Morning Press Criticism
Ron Rosenbaum, who’s a fantastic journalist, has been writing some great stuff for Slate. Definitely make sure to read this piece in defense of the “write-around.” I was particularly taken by this passage:
Access itself is not all it's cracked up to be. There's the journalistic equivalent of Stockholm syndrome. I know, I've suffered from it. I find it hard to be as cutting, or even as critical, as I really feel about people who allow me to enter their zone of privacy. I blame my parents for teaching me manners—the best investigative journalists don't have the best manners. The best investigative reporters might be called "sociopaths for truth." I think you know the type I'm talking about. And the very best of these are often good at faking empathy and then coldly eviscerating the empathized-with one.
Some writers are built this way, happy to sacrifice the person for the story. But not enough anymore! Janet Malcolm famously wrote (in the opening of The Journalist and the Murderer) about the way writers gain the trust of their subjects and end up “betraying them without remorse.” It may have been true when she published the book, in 1990, but is it now? It sounds cold, but not enough reporters and writers are willing to betray or even alienate their subjects. If they do, they risk being denied access to other subjects. They’re no longer part of the club.
I’m not saying the measure of a story is how much it offends the subject. I’ve occasionally taught writing classes on long-form nonfiction, with smart kids at Columbia, NYU, Chicago—and sensitive, too. They often raise questions about the ethical issues, the emotional impact of writing critically about subjects.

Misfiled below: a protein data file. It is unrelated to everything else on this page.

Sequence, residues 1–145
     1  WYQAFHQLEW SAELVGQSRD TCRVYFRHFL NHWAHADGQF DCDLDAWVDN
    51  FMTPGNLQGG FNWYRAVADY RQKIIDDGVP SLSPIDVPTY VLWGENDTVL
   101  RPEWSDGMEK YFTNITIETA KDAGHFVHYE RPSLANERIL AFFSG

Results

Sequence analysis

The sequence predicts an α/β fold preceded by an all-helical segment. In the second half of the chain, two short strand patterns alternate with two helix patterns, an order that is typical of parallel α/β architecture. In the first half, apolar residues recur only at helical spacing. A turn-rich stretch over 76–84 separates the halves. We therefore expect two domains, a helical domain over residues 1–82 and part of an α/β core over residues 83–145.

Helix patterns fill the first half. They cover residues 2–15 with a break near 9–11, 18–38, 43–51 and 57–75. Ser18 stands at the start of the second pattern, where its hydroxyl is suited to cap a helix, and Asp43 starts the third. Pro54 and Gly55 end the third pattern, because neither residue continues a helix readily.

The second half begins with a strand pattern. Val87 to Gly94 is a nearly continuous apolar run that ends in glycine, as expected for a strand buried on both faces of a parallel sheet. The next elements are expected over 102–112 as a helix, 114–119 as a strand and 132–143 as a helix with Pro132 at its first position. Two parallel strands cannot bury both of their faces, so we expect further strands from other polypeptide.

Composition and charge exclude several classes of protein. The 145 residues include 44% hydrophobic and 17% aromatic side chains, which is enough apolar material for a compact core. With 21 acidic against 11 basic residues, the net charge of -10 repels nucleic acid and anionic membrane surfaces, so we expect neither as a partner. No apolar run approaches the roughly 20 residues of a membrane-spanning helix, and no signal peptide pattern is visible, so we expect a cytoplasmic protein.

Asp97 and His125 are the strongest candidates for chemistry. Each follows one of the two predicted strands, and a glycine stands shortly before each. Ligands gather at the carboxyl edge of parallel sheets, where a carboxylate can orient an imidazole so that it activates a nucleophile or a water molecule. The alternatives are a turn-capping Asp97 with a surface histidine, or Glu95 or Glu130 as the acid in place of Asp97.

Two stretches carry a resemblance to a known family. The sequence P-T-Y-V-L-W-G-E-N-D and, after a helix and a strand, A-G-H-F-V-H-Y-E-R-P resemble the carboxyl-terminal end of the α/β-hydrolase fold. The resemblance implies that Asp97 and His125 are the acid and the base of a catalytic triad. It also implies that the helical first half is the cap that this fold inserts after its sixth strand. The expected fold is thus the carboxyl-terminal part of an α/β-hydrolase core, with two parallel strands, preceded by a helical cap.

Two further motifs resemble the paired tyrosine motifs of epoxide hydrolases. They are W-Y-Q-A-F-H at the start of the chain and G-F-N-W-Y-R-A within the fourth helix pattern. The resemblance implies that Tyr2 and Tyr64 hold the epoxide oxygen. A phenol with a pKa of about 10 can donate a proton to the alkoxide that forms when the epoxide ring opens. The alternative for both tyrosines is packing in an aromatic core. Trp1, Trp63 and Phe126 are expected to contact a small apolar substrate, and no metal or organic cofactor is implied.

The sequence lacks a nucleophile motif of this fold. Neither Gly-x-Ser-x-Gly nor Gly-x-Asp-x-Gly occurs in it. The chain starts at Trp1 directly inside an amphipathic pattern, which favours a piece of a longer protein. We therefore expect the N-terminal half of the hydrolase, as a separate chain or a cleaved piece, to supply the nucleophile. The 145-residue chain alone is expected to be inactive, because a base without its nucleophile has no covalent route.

And I suggest that there might be different rules for subjects who are and aren’t media-savvy and/or powerful. You almost want to protect the media-naive from themselves because it almost feels like stealing when they say something damning that you know will make a great pull quote.
But with the media-savvy and the powerful, one can’t be paralyzed by worry about hurt feelings. They rarely are.
“Sociopaths for truth”—so true. This really gets at the heart of why I often feel like I’m not cut out for journalism. I tend towards the, um, “sensitive” end of the spectrum, which in a lot of cases is not really a dispositional asset for a journalist. I wish I were more ruthless! Think Seymour Hersh cares if he hurts people’s feelings inside the Pentagon?
Alas, I do. The way I deal with this problem is by minimizing the amount of reporting I do about powerful people. I tend to focus my work on that latter category of people that Rosenbaum describes, those who aren’t “savvy and/or powerful.” There’s a lot of reasons I find reporting on “ordinary people” more sastisfying, not the least of which is that they aren’t on guard and inpenetrable, but if I’m honest with myself, I think a big part of the reason is that it allows me to be charitable towards my subjects, without feeling like I’m failing to “speak truth to power.”
OK, end confessional.